Innsbruck is a quite literal jumping off point for the mountains and to be here and engage in these activities you need money. I did not have money so I went to the zoo instead.
I stayed at a hostel and it is so safe here that you didn’t even need a key, they just left the door open. Although there were not many showers so once the hikers and sporty people got back, the queues got pretty long.
The zoo was up a mountain so I walked to it and it was, of course, called the Alpenzoo. They’re all pretty much animals that live in the Alps. This is a good opportunity to talk about the animals of the Alps.
There are 30,000 animal species in the Alps that have been identified so far, including 80 mammals, 80 fish species, 200 bird species (that nest), 15 reptiles, 21 amphibian and around 20,000 invertebrates.
One of the best known hooved mammals (ungulates) is the Ibex, especially the Alpine Ibex that many people think of as a mountain goat. There are five species of Ibex and two are at risk of extinction, there is one that is already extinct and that is the Pyrenean Ibex from Spain.
The interesting thing about the Pyrenean Ibex is that it was resurrected. For seven minutes. They used the same method as that used to create Dolly the sheep in 1997. The theory is straightforward – suck the nucleus out of the cell and replace it with the new animal then implant it in a suitable womb. The ibex sadly succumbed to a lung infection.
New York ’s natural history museum stores tissue samples of various species, something that they do for important genetic research and there are no specific plans to use these for cloning purposes.
In an ideal world, we shouldn’t have to resort to ‘resurrection’ as it shouldn’t get to that point. But as more and more species become extinct, the more that seems like an idealistic pipe dream. It serves as an insurance policy against extinction but that’s only if it works, which it may well do one day but there is no consensus as yet. The lab is a Noah’s Ark but with nitrogen-cooled vats.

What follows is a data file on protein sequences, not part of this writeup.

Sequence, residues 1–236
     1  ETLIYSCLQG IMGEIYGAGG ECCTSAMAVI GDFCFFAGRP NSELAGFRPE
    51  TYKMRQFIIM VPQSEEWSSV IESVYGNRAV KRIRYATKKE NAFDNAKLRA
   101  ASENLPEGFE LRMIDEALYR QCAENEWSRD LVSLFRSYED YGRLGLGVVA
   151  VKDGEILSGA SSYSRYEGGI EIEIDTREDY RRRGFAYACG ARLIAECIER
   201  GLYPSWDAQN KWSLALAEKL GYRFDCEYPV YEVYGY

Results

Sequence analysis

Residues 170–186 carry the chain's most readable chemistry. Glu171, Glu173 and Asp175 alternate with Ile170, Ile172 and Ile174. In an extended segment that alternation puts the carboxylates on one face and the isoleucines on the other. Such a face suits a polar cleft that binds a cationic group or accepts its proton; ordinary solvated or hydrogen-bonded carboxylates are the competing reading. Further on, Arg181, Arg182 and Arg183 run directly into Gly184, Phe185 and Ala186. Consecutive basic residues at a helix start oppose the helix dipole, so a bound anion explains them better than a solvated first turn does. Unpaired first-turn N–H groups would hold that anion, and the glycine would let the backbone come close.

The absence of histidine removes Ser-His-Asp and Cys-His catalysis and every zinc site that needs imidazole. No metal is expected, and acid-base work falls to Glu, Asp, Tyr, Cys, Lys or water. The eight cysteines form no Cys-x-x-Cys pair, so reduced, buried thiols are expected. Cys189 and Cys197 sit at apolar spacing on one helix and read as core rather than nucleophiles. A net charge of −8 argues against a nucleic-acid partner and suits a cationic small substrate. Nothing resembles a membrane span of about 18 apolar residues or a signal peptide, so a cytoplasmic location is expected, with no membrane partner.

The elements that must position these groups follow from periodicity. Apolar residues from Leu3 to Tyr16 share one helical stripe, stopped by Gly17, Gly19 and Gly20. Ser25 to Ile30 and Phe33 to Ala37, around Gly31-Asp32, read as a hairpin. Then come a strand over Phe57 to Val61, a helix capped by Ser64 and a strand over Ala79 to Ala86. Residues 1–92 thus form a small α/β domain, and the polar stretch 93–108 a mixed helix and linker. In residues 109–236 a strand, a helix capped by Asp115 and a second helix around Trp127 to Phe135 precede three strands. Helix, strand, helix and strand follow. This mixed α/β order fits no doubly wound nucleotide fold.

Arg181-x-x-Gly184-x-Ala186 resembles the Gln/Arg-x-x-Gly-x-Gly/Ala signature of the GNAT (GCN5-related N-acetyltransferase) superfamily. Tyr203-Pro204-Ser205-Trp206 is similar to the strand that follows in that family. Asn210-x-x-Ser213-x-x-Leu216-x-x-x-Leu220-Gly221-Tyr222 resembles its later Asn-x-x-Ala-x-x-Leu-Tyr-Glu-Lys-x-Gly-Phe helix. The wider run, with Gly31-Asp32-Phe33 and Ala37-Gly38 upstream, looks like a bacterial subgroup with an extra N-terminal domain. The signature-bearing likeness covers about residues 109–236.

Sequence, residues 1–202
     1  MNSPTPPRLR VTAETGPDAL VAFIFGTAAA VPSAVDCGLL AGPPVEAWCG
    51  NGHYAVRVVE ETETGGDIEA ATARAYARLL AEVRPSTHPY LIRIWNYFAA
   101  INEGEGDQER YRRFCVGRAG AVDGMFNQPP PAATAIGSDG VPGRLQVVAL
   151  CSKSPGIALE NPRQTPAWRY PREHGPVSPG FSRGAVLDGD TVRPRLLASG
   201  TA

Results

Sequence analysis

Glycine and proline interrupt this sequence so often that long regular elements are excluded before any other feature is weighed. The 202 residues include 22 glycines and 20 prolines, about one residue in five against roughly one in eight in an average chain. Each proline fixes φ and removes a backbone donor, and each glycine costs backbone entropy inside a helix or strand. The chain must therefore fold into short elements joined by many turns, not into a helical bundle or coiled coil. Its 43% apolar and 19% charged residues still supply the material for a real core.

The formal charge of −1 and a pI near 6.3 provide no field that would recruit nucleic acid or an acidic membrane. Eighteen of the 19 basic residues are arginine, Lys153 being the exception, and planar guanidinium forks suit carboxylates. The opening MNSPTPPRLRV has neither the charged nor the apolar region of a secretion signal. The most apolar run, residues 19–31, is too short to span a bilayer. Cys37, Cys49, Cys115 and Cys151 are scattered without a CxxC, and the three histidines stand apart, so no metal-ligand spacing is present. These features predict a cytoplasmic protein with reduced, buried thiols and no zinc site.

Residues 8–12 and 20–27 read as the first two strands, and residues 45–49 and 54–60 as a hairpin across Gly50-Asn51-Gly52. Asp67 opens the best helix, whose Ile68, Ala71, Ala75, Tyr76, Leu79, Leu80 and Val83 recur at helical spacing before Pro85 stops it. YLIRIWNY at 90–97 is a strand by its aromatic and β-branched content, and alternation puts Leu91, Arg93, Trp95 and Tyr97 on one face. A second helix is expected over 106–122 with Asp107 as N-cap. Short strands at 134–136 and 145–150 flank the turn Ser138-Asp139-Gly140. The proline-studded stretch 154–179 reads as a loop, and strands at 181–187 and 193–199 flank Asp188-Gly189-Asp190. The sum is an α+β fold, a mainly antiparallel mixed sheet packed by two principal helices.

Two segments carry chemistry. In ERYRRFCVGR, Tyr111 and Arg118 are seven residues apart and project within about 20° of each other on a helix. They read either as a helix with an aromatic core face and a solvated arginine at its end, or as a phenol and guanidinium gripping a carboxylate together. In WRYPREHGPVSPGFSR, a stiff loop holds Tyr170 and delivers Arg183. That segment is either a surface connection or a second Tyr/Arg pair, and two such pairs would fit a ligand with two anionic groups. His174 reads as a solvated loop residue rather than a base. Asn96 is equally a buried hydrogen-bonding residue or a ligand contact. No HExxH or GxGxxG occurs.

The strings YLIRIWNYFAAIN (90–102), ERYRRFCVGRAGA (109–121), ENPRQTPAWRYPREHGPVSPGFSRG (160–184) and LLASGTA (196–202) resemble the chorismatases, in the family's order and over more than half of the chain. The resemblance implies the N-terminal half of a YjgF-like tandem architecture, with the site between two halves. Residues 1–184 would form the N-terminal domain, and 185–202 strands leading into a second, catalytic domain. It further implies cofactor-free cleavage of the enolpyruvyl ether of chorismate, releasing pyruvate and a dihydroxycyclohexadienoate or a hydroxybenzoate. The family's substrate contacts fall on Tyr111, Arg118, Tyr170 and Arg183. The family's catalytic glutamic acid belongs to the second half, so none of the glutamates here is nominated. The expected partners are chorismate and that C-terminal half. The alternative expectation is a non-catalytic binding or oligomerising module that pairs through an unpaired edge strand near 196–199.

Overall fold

One of the most famous carnivores is the Eurasian lynx. There are now believed to be 100 in the Alps after a reintroduction programme as they were extinct in Switzerland.
There is now a ‘link the lynx’ to join together habitat to create a more viable population with enough space to hunt and breed. The population fell due to logging for farmland, deer-hunting taking away their food supply and being killed by farmers.
There are plans to reintroduce the lynx to the UK in the Kielder forests in Northumberland bordering Scotland, which would be a fantastic thing to balance our ecosystem by controlling deer numbers. They are incredibly beautiful but ultimately secretive creatures and I hope that we can learn about them even if we rarely see them.
Europe’s carnivores – bears, wolves and the lynx are causing problems for farmers and shepherds by picking off animals from their herds. However, help is at hand for herders as work is being done to use traditional guard dogs bred to stand their ground against predators to flocks.
Fencing is also being used to separate the domestic from the wild. Together these simple yet effective strategies should dramatically reduce interactions between livestock and predators.
I spent two days in Innsbruck which was one day too long given that I could afford any of the expensive activities on offer, like adventure sports and skiing in the winter. I skipped Liechtenstein to go to Switzerland, but I do visit Liechtenstein so never fear!